1. Hi Jack! Gotta say, I love the look of this piece. Very elegant and inspiring.

    I had a question about the cross grain molding. The English style pieces you build seem to use this style of molding a lot. Much more so than the standard long grain molding that was commonly used on this side of the pond. Do you think this was done to keep the molding grain direction the same as that of the cases in order to prevent cross grain construction and seasonal movement from tearing the thing apart? Or was it just an aesthetic thing? I have to imaging that the moldings are more difficult to plane with the grain running the way it does. However, the appearance is very striking.



    • Jack Plane says:


      Thank you.

      Cross-grain mouldings were employed in the late seventeenth-century and early eighteenth-century for purely aesthetic reasons. Earlier furniture had long-grain mouldings, but with the introduction of cross-grain mouldings in this period, intentionally thin cross-grain blocks of (predominately walnut) show wood were glued onto pine backings to reduce the effects of shrinkage along the mouldings. The pine backings would obviously have been at odds with any cross-grain shrinkage of the carcase.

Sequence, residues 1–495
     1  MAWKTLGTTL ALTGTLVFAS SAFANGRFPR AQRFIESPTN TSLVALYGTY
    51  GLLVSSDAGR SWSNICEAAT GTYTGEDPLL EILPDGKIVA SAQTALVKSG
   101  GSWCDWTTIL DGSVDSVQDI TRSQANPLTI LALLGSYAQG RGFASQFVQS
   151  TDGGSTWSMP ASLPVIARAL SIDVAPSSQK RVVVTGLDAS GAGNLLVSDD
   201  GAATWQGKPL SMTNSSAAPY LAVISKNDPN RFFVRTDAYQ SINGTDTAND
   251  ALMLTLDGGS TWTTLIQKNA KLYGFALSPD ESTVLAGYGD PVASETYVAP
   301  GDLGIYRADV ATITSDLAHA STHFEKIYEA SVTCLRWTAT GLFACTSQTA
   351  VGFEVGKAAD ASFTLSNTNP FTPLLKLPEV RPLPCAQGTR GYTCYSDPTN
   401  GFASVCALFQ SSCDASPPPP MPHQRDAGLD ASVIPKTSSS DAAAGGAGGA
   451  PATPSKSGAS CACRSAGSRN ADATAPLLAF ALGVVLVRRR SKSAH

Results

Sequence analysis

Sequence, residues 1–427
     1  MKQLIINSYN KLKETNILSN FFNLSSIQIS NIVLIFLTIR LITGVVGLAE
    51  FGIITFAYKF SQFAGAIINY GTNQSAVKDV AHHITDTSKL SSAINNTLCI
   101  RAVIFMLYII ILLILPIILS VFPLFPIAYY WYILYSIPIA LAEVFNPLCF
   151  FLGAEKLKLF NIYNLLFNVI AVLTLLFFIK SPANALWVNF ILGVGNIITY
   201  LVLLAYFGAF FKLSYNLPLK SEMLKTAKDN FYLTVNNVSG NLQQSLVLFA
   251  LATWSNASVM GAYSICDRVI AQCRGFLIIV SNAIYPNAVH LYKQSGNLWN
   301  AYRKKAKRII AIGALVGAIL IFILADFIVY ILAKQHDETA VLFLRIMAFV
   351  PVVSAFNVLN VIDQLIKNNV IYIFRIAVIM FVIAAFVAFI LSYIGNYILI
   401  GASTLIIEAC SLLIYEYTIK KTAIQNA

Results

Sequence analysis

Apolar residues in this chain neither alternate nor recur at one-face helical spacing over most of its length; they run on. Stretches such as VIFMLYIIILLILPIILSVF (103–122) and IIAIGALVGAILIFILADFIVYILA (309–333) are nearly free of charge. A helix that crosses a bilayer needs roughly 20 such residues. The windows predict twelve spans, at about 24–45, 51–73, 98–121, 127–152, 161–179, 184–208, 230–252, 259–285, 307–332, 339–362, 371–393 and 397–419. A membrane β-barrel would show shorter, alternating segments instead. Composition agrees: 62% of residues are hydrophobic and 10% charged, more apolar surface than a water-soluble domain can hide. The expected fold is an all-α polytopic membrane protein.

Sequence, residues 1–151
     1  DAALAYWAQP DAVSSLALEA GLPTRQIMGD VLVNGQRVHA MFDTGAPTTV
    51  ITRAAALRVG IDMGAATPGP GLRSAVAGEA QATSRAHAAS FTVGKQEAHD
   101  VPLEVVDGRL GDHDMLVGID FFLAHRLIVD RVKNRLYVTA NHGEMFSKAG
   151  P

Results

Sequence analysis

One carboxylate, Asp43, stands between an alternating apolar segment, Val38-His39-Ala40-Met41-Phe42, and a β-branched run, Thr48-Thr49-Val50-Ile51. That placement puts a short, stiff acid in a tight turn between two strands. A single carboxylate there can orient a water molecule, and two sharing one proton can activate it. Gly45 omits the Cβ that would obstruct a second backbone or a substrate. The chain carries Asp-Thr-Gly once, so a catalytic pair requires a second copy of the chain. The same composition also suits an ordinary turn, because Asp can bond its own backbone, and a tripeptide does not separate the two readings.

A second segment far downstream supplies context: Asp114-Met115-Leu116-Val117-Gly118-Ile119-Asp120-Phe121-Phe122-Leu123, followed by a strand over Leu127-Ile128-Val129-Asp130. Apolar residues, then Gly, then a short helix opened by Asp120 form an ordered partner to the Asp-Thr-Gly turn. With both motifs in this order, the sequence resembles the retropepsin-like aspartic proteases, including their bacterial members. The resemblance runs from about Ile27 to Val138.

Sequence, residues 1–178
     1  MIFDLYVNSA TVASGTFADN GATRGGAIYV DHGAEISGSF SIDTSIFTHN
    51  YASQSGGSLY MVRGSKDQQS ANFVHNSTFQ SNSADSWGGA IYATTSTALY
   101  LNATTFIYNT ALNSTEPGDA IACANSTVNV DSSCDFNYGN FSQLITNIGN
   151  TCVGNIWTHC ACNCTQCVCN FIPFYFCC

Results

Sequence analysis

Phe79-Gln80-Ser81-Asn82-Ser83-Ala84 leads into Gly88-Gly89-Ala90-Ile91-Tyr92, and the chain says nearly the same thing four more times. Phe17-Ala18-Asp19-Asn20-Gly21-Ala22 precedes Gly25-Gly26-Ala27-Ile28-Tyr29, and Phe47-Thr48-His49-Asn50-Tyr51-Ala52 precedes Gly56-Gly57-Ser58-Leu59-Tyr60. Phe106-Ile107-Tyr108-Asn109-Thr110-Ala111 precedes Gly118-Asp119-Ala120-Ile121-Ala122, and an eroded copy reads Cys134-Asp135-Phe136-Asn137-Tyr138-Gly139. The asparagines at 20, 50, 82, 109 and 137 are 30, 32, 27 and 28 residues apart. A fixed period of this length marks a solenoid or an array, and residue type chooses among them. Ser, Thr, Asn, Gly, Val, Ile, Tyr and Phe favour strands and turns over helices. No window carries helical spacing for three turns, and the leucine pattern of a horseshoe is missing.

Thin as they were, cross-grain mouldings still shrank (and the cabinetmakers were fully aware of the likelihood of this), but the shrinkage was controlled and the resultant coruscation, caused by the gently cupped sections of wood, in conjunction with the wildly figured grain was as mesmerising to the clientele of the day as it still is to us now.

      With the commercial importation of mahogany circa 1730, fashions in design changed yet again and long-grain mouldings reappeared.



  2. Halteclere says:

    Was branch wood chosen for the bun feet for particular reasons – tightness of rings, small pith, etc., or for practical reasons – the branch was on-hand? I’ve read where branch wood is typically not suitable for making boards due to the inherent stresses, but am not familiar enough with turnings to know if these stresses cause issues when the wood is turned.

    Your posts are a treasure to read, for each post contains a wealth of traditional woodworking knowledge.


    • Jack Plane says:

      The use of branch wood for feet was probably a combination of economics and aesthetics: Branches of sufficient diameter to turn bun feet from were of little value for most other cabinetmaking purposes (smaller diameter branches, however, were used to produce oyster veneers) and would otherwise have probably fuelled the workshop fire.
      The deeply curvaceous profile of bun feet cut through the concentric growth rings of branch wood, producing very appealing swirls and patterns.

      Thank you for your kind words.